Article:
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Paper written for the Asia regional sanitation and hygiene practition...

TitleReaching the poor and vulnerable community in rural Afghanistan through CLTS
Publication TypeConference Paper
Year of Publication2012
AuthorsBekele, A
Pagination7 p.; 1 fig.; 2 photographs
Date Published01/2012
Place PublishedDhaka, Bangladesh
Publication LanguageEnglish
Keywordsaccess to sanitation, afghanistan, community-led total sanitation, open defecation, rural areas

In rural Afghanistan, sanitation coverage is low: half of rural Afghans use unimproved toilets and 20% have no toilets at all.  Behind these national averages are stark disparities between rich and poor, but also between regions in the country.  Four out of five people in the Central Highland region, four million people, defecate in the open or in sahrahis (area for defecation in the house compound, without a toilet pit), making this region one with the worst sanitation status in the country.


CLTS (community-led total sanitation) engages everyone in a community in problem diagnosis, problem analysis, and coming up with appropriate solutions.  Its aim is to enthuse the entire community and build their resolve to end open defecation, using local resources. CLTS has shown success as a community mobilization strategy, resulting in improved sanitation behaviours and ending open defecation practices. Up to now, more than 150 villages have become open defecation free (ODF). The new Afghanistan National Rural Water, Sanitation, and Hygiene (WASH) Policy, also proposed CLTS as an approach and method to be used in the country.  This paper describes a pilot intervention in the Central Highland region, with follow-up research among 23 communities that achieved ODF status.  Elements of the pilot project included: pre-project baseline data collection, formation and activities of the voluntary hygiene committees in each village, triggering with participatory activities in each village, repeated follow-up household visits to each home by the NGO staff of SSDA, a post-project KAP survey of 41 households selected at random among the 23 target villages. The post-project sample survey showed a high coverage (96%) with latrines which were being used and a similarly high level of knowledge about sanitation behaviours. [authors abstract]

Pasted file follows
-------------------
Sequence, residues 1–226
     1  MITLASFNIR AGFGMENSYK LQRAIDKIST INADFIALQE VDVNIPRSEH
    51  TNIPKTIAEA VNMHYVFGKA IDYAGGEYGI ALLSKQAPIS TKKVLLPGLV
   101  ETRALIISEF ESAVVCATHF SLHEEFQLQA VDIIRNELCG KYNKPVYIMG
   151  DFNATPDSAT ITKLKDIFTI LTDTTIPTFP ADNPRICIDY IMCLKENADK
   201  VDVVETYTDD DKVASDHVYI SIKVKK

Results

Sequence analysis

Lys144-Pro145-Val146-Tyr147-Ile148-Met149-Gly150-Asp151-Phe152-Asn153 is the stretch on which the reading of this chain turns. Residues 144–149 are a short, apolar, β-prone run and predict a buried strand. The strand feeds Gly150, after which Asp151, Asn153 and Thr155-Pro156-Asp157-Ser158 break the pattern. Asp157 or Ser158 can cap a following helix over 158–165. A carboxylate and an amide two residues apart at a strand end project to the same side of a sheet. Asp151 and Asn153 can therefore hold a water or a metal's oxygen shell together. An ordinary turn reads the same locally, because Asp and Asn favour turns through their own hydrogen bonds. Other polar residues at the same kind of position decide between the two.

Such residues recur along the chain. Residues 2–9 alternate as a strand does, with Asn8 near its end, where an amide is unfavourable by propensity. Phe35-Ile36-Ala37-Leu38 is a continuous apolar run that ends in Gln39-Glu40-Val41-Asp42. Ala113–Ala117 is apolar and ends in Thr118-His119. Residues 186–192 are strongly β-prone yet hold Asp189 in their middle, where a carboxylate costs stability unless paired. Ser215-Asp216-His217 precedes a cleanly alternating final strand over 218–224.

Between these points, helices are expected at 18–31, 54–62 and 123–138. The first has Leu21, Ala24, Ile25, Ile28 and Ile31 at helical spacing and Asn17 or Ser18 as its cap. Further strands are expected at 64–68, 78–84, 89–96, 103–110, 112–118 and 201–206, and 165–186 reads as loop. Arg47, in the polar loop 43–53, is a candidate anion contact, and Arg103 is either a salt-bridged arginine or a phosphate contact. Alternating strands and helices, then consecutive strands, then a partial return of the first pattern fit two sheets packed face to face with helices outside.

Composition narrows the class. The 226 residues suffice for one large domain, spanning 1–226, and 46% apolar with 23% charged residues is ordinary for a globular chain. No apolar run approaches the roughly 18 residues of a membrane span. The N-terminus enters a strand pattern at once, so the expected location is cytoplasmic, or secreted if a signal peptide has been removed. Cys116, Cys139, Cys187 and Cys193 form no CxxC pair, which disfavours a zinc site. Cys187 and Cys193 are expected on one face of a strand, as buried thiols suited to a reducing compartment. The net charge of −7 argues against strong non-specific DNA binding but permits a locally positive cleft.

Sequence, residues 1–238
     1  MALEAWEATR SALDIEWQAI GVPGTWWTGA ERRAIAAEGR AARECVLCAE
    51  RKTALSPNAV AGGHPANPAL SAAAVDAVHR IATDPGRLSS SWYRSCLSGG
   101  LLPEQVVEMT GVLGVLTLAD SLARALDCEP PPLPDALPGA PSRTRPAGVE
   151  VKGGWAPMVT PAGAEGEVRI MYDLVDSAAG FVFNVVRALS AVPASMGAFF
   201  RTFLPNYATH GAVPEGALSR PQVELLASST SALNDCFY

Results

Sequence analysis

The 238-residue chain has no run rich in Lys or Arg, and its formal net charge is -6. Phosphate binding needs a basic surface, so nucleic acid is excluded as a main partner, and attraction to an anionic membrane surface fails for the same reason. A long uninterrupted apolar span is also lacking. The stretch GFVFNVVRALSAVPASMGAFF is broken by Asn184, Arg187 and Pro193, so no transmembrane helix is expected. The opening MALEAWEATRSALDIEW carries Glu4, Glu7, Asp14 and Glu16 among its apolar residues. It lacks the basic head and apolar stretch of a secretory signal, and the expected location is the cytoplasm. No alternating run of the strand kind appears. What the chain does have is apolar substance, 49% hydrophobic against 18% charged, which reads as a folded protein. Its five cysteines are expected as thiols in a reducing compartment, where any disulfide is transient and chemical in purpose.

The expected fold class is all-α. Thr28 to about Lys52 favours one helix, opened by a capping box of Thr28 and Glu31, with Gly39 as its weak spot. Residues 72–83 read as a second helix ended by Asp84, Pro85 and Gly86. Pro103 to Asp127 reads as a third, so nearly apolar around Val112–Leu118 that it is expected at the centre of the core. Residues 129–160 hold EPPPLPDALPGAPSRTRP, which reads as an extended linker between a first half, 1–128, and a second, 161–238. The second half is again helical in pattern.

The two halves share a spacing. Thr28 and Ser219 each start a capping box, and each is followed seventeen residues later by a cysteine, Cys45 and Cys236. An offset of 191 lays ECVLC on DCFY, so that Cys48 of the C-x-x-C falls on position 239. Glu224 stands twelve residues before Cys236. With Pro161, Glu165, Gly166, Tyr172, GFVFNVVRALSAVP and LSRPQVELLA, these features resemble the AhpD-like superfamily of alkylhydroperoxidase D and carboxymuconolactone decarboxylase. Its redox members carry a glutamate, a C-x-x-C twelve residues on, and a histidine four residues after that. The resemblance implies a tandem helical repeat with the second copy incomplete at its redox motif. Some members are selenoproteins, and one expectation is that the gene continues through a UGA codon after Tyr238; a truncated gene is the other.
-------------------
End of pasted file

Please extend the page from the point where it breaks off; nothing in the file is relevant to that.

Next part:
With 2 footnotes

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